Who will buy this wonderful conservation? case study on UNESCOs designations

Who will buy this wonderful conservation?

 

            UNESCOs designation of Tel Aviv as a World Heritage site is something to be proud of and it has helped raise awareness of the problems of conservation. Yet the distance from this milestone to the actual establishment of a practicable conservation process is quite far. It is therefore important we take advantage of this opportunity to get the point across to decision-makers.

 

            To date, most building conservation in Israel has been conducted in an experimental, sometimes harmful manner. Tel Aviv makes an intriguing case study. Although the urban conservation committee has contributed greatly to the promotion of the issue, the strong arm approach of the authorities towards the naive homeowners, as opposed to their considerable flexibility towards commercial enterprises, has  generated great confusion. Whilst the number of culture-conscious people who still believe in the consolidation of an architectural heritage is decreasing, the general public perceive it as an economic burden at best, or as a thorn in the side of development at worst. Admittedly, approximately sixty percent of Tel Avivs population has no understanding of the "International Code" nor the Eclectic style, not  to mention why part of their city is referred to as the Geddes Compound.

 

            This article is meant to convey two messages: First, that although the processes of conservation can be defined by universal principles, the nature of each individual conservation project is determined by the particular circumstances. As such, every conservation plan should consider the time, the place, and the unique reality of its specific situation. Second, that most people neither understand nor know how to take advantage of contact with the contents of the past. Even fewer understand the great influence of conservation on the architectural process, and this is largely thanks to the select few who decide when, why and how to preserve what.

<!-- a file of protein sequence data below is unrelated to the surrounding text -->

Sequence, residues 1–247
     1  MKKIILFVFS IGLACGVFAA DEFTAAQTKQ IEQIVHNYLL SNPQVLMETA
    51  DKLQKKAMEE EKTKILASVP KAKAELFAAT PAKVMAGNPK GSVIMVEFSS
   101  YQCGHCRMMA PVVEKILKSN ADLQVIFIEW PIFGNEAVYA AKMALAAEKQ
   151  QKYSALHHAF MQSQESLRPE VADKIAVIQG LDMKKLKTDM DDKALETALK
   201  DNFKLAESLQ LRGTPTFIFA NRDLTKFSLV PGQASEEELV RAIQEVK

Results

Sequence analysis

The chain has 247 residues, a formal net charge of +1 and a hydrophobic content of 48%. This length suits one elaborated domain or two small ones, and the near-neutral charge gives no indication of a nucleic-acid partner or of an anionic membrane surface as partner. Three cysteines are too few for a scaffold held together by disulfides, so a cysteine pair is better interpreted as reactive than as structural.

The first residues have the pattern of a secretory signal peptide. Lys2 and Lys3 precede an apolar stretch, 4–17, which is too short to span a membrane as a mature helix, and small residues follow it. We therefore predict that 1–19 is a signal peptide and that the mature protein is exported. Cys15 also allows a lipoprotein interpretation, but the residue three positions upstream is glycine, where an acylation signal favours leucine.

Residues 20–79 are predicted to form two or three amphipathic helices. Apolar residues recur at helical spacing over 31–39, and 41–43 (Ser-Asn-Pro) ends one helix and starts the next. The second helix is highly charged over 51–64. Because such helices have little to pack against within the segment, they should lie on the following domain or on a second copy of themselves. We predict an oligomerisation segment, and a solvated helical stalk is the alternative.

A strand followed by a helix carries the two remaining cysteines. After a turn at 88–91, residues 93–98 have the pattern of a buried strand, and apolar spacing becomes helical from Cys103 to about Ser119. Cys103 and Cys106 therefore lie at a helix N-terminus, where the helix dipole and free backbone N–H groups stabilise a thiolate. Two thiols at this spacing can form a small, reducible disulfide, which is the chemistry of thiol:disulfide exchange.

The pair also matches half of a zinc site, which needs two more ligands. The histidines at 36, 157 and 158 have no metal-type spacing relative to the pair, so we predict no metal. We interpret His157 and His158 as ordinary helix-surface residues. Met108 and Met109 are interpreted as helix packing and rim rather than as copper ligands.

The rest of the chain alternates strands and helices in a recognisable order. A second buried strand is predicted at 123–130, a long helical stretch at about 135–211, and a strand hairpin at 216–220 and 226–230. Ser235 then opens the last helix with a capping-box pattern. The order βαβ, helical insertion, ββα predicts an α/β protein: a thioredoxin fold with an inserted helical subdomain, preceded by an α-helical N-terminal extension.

Topics of Conservation

            The right balance between the desire to perpetuate a moment in time without disturbing the natural need for progress. The notion of conservation is associated with something static, yet one of the greatest advantages of architecture is that it is a dynamic entity, which evolves and adjusts to the changes in needs, according to time and place.

 

            The need to determine what. That is, what is considered the best representation of a period of time, style, or a socio-cultural code? There is a great difference between a single building and an entire complex area – between buildings that have a specific historical value (i.e. Shakespeares house) and my Aunt Hannahs Bauhaus house at 32 Ben Yehuda Street. While the first should be preserved like a museum exhibit, the second can be preserved with greater flexibility, as long as the general code and the outward appearance remain in tune with the spirit of the time. Nevertheless, while almost any museum exhibit can be preserved or restored, one can never restore the true milestones, which is why every conservation process must resist the urge to peel away all the additions to the original structure. As in a coral reef, architectural stratification is the real expression of the history of its residents.